I took an evening class in "Mandarin" for rehearsing after one semester of university Modern Standard Chinese. The teacher was very Southern, constantly mixing up her zh/z etc., wrote 人 as pinyin len, sometimes mixed traditional and simplied characters when writing etc. I had to correct her several times. WTF, we were paying to get "Mandarin"!

Trying to concentrate:

1. Is the an/ang difference very regional? WenLin, for example, has to my ears exactly the same vowel for both finals.

2. Is there anywhere a similar difference for en/eng etc.?

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Ferno

yes Lugubert, I should have said "han/hang" .... is this from this thread?

the issue is with the "ng" final, doesn't matter if it's -eng or -ang or -ing etc... from what I've figured out, the Wu dialects (ie Shanghaiese) do not differentiate between 'ng' and 'n' finals. That means that Mandarin speakers from Shanghai and nearby Hangzhou (which would have a similar native speech) will have the ng/n thing affect their pronounciation. So this will include the south-coastal speakers in China, not all of southern china..

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deezy
Will I ever be able to distinguish ma1/ma2/ma3/ma4/ma in regular speech as completely different syllables?

As a child, I sometimes had trouble distinguishing between tones 2 and 3. However, I would think that for most, the differences between 1 vs 2/3 vs 4 at least should be fairly easily obvious? Or am I wrong here?

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yingguoguy
Where I study Chinese, the uni lecturer (yes, all 1 of him) concentrates on reading, grammar and character structure. His idea is that those of us who are interested enough should go to China and learn speaking/listening there.

I think this is quite common on courses. I think the problem is that learning tones is a long hard frustrating road for many of us, and it requires a lot of one-to-one practice and individual attention, which in a class of any size, the teacher isn't going to be able to give. On the one hand, I understand this, as if people realised how hard tones are, the drop out rate on courses would be far higher, on the other hand it's very demoralizing to get to China and find you can't communicate because of your tones.

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Ferno
As a child, I sometimes had trouble distinguishing between tones 2 and 3. However, I would think that for most, the differences between 1 vs 2/3 vs 4 at least should be fairly easily obvious? Or am I wrong here?

why as a child, specifically?

(2/3 sound the same to me too)

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Green Pea
Ideally it's not a separate question in your mind of what tone goes with a particular word. Basically if you spend enough time with the audio files/tapes to get your native-speaker/non-native speaker listening time ratio large enough (1.5' date=' 2, 3 I have no idea) Then when you hear the word in your head, you will be hearing the version from a native speaker. (That of course assumes you hear the words in your head....)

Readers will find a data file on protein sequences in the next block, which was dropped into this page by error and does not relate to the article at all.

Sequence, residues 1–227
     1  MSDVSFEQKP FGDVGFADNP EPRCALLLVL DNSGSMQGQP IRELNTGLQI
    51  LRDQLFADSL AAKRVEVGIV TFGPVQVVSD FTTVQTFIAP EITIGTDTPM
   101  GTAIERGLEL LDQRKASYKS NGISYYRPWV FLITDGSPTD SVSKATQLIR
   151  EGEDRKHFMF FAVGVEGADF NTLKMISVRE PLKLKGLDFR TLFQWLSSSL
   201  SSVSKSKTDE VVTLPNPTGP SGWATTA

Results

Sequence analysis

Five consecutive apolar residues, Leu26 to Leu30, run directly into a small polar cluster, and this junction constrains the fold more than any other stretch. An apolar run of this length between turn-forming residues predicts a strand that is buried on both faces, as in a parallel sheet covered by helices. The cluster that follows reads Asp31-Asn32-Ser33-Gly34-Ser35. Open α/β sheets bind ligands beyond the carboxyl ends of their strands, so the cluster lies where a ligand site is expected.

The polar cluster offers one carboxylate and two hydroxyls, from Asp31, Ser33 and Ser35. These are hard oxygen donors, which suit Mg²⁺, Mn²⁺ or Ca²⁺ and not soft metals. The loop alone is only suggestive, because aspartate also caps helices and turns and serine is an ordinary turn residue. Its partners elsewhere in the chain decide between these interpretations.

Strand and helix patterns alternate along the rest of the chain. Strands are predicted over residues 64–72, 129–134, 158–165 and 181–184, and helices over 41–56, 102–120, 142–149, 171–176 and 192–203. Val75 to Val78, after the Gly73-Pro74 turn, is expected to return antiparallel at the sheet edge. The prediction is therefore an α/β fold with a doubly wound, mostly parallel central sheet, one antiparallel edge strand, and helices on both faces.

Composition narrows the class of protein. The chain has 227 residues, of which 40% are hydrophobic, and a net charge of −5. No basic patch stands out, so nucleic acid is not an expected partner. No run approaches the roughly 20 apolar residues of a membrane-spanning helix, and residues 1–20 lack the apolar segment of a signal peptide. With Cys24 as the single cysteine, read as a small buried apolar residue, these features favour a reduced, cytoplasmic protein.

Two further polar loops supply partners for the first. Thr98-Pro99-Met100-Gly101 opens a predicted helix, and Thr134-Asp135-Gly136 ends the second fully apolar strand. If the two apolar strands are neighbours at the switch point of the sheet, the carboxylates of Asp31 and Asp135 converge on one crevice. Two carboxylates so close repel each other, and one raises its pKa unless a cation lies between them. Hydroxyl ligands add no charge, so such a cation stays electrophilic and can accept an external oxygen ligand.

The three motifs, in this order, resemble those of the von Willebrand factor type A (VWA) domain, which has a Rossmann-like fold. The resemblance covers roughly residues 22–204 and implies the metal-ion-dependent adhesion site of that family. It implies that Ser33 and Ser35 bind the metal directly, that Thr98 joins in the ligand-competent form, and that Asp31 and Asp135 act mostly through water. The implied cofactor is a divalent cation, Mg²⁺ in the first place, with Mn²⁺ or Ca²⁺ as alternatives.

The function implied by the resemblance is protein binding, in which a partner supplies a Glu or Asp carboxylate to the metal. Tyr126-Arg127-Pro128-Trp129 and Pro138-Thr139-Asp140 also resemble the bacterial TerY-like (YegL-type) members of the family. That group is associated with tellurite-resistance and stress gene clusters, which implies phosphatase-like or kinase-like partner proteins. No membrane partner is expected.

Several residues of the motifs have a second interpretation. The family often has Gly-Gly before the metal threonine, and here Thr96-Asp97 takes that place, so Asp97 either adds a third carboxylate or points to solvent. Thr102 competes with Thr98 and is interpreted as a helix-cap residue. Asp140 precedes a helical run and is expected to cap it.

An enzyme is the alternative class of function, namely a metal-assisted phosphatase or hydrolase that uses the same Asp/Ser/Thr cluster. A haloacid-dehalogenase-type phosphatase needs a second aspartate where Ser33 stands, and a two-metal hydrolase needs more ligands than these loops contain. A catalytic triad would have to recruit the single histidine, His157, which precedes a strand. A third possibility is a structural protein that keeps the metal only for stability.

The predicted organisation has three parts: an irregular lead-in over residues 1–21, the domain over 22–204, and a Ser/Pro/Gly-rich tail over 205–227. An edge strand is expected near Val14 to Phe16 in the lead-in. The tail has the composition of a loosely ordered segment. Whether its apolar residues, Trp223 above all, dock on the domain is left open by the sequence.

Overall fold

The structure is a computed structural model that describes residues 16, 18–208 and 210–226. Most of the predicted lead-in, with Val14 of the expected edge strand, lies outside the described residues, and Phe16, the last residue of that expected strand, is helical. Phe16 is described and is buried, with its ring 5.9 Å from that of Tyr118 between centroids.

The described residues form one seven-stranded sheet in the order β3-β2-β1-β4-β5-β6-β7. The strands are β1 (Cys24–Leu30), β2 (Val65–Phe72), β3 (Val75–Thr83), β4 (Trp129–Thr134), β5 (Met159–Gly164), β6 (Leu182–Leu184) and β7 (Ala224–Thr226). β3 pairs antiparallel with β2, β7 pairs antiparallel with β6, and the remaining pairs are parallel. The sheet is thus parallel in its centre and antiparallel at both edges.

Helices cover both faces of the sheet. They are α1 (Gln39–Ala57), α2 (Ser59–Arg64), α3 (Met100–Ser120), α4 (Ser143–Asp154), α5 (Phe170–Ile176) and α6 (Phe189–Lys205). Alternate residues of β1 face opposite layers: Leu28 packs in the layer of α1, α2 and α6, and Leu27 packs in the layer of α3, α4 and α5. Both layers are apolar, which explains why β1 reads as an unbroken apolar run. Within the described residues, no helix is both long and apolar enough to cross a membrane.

I found that practicing with tapes enough to produce the tones and work towards natural rhythm, I ended up knowing the tones without having to memorize them separately. I don't know if this would work for everybody. But, it is certainly more fun than sitting quietly with a vocabulary list and trying to memorize what tone goes with each vocabulary word. The point is to train your vocal muscles, and let them train your memory of tones. Or something like that.... At least that's what I think happened with me, but the whole business is kind of mysterious.[/quote']

I think this is the best way for most students. You have a good intuitive understanding of the process.

Tones are the 4:00 mile of language learning. A mental barrier that may or may not contribute to success. I think some linguist somewhere came up the concept of tones with it to try to dissect Chinese. Now, that's fine for linguistic analysis, but severly hampers learning. People try to speak the tones correctly, but that creates an unnatural sound. Learners focused on tones try to build the sentence structure from piece to whole. Most with limited success for several months or years.

I look at it like counting up golf scores. Using tones to approach the calculation would be to add up each score:

3+4+5+4+4+5+5+4+6. A tone focused approach forces the student to isolate each score and add it to the next number. 3+4=5. 5+4=9, etc. Now, you can do it this way and get the answer. A faster, more natural approach would be to combine them, like (3+9)+(15)+(10), etc. This example is not a perfect analogy, but I think demonstrates that trying to isolate each tone creates unnatural speech. To speak better, the student needs to focus more on combining than isolating.

A way to practice this concept is to make up words. With your tutor, talk to each other but make up all the words. Just focus on mimicing the patterns of their speech while making up the conversation. Actually, I've tried this for real. I've totally made up Chinese words and have been understood. You probably did this as a kid with your siblings.

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Ferno

then that makes it seem like Chinese isn't even a real langauge, just a random collection of sounds that may or may not mean something when said in a certain order.